Ofsted Annual Report 2016/17: Governance matters

Amanda Spielman presented her first annual report as Ofsted Chief Inspector today. The full report can be read here. Below, are the parts of the speech where governance was referred to (the numbering is that of the report itself).

Schools that require improvement

Inspection outcomes

Deprivation

37. A common factor in the schools that do not improve to good or outstanding is that they have a higher proportion of deprived pupils. Fifty-five per cent of the schools that currently require improvement have high proportions of pupils from deprived areas.

38. Although these schools can face major challenges, great improvements can be, and are, made. Last year, six schools that had previously required improvement were judged to be outstanding at their latest inspection. Four of these were in the most deprived quintile of schools. Having lots of children who are from deprived backgrounds may make improving a challenge, but it can be done.

For example:

  • Herbert Morrison Primary School in Vauxhall, London, was judged to require improvement in November 2014. Since then, senior leaders, staff and governors have worked relentlessly to ensure that achievement and teaching have improved rapidly. The highly innovative curriculum is varied and engages pupils’ interest. Teachers plan work that brings the curriculum to life and develops pupils’ interest and curiosity. Combined with this, the school uses pupil premium funding wisely. It accurately tracks and supports the progress of disadvantaged pupils. As a result, at the time of its next inspection, in November 2016, inspectors noted that the disadvantaged pupils were making excellent progress. The school was judged to be outstanding in this inspection.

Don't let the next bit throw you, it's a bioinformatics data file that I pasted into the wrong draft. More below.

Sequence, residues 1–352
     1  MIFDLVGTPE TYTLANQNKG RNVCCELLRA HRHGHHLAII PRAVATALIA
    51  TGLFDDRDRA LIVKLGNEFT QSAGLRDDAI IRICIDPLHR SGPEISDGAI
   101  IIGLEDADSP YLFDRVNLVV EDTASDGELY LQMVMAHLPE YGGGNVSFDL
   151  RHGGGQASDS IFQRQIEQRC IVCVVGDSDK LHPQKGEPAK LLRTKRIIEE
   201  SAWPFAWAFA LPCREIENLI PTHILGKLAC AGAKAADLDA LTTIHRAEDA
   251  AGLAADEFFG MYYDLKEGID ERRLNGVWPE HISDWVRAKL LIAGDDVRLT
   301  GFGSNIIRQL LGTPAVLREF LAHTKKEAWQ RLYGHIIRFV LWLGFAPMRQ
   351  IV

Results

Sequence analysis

41. We analysed the inspection reports of these secondary schools that have been stuck at requires improvement or inadequate for a long time. The reports highlighted the following common issues:

  • Governance.

    Weak governance was a common feature. The main weaknesses included:

    • not challenging effectively or holding leaders to account (for instance by being too accepting of what they were told)
    • not understanding school performance or quality well enough
    • not holding leaders to account for the use of additional funding (such as the pupil premium)